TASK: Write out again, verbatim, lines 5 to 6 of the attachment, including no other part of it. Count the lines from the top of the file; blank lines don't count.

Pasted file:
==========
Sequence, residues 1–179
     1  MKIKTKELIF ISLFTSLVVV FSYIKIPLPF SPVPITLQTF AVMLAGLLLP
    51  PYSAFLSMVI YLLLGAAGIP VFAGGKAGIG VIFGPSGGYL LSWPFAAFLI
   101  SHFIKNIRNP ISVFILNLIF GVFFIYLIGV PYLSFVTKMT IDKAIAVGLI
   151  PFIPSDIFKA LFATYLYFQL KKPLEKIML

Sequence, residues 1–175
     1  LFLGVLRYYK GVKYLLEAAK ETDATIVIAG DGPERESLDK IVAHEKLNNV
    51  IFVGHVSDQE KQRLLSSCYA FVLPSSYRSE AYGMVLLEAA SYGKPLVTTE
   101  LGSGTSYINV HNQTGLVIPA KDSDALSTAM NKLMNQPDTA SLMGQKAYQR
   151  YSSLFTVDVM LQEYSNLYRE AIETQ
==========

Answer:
   151  PFIPSDIFKA LFATYLYFQL KKPLEKIML

Sequence, residues 1–175